To date, more than 580,000 people have added their signatures to a campaign by The woman who started the campaign, Emily Clarke, said “people have not forgotten Asia Bibi even though she was sentenced to death over five years ago”.  Another petition, by CitizenGO, has gathered over 625,000 signatures.

Associated assassinations

In 2011, Salmaan Taseer, the governor of the Punjab, and Shahbaz Bhatti, national minorities’ minister, were shot dead because of their support for Noreen and criticism of what Clarke calls “Pakistan’s barbaric blasphemy laws”.

The crime of blasphemy was enshrined into Pakistani law under British rule, but strengthened during the years of military dictator Muhammad Zia-ul-Haq.

However, in recent years Pakistan, which is 96 per cent Muslim, has seen a surge in accusations of insulting Islam, says Islamabad-based think-tank, the Center for Research and Security Studies.

Analysts say that accusations are frequently used to settle scores, or as a front for property grabs.

Charges are hard to fight because the law does not define blasphemy, so presenting the evidence can itself sometimes be considered a fresh infringement.

If found guilty, defendants can expect the death penalty, but those accused are often lynched or languish for years in jail without trial because lawyers are too afraid to defend them.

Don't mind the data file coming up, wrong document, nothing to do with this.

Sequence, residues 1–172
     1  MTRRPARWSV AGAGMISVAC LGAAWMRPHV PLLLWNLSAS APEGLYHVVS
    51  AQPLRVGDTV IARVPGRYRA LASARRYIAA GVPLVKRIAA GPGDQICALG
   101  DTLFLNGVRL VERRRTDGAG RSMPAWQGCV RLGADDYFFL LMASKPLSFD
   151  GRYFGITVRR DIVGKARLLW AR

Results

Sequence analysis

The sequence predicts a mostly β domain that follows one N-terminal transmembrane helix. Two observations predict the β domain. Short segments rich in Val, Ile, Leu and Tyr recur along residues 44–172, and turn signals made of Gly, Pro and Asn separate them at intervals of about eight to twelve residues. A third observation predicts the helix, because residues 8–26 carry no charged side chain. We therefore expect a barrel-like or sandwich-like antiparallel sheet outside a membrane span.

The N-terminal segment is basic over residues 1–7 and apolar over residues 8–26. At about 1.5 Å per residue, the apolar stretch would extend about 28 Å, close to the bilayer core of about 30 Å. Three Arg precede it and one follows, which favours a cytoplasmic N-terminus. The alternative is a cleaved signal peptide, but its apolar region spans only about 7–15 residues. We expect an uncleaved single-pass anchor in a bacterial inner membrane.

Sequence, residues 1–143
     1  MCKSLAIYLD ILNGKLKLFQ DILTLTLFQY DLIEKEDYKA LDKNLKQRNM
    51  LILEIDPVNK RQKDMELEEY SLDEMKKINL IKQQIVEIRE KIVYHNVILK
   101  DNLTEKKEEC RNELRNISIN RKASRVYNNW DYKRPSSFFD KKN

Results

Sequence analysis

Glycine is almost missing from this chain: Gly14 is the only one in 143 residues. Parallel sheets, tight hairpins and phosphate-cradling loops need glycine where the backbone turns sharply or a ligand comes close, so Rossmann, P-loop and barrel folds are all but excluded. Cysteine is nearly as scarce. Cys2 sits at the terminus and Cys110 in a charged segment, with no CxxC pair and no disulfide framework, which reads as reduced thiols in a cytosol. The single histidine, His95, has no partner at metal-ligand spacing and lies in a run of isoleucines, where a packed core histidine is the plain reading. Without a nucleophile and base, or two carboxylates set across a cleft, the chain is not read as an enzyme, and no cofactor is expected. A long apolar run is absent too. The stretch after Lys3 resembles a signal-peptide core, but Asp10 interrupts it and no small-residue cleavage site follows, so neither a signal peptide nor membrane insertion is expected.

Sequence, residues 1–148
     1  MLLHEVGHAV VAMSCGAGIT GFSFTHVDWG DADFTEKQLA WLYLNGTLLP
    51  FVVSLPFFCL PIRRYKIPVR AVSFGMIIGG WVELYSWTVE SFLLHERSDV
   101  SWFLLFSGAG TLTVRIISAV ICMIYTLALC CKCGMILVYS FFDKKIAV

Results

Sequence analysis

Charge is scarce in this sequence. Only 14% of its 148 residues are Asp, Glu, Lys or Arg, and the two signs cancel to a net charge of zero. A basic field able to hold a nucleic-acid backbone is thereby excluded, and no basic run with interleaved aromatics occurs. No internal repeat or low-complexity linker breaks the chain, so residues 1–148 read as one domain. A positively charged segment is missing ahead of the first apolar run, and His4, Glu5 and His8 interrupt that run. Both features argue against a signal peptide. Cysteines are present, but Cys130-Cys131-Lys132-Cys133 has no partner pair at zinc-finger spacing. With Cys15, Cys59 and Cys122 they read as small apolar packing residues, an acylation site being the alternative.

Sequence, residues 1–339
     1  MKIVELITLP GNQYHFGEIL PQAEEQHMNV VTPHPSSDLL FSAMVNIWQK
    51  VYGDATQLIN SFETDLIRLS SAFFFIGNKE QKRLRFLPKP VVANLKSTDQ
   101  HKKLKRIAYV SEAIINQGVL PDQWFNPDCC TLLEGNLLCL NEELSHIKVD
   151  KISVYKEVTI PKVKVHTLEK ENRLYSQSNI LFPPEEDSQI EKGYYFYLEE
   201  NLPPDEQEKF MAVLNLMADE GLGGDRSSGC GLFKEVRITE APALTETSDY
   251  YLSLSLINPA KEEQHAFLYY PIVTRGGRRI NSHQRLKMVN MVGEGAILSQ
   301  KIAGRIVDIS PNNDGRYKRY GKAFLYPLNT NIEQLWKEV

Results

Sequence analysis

“Blasphemy accusations in Pakistan are often used to settle petty vendettas and persecute minority groups,” said Kate Allen, UK Director of Amnesty International in December 2014, as part of a plea for the release of Mohammad Asghar, a 70-year-old British Muslim grandfather also on death row. “Pakistan should get rid of these poisonous blasphemy laws. It’s a complete disgrace that the courts are complicit in these vendettas”.

In June, however, the president of the British Pakistani Christian Association, Wilson Chowdhry, said any changes to the blasphemy law would, in reality, have little effect because of “local police authorities cowing under pressure from mobs led by local imams”.

Fifteen Pakistani Christians are currently believed to be facing the death penalty for blasphemy, including Sawan Masih, whose alleged blasphemy during a conversation with a Muslim friend in March 2013 resulted in the looting and torching of hundreds of homes within the predominantly Christian Joseph Colony in which he lived.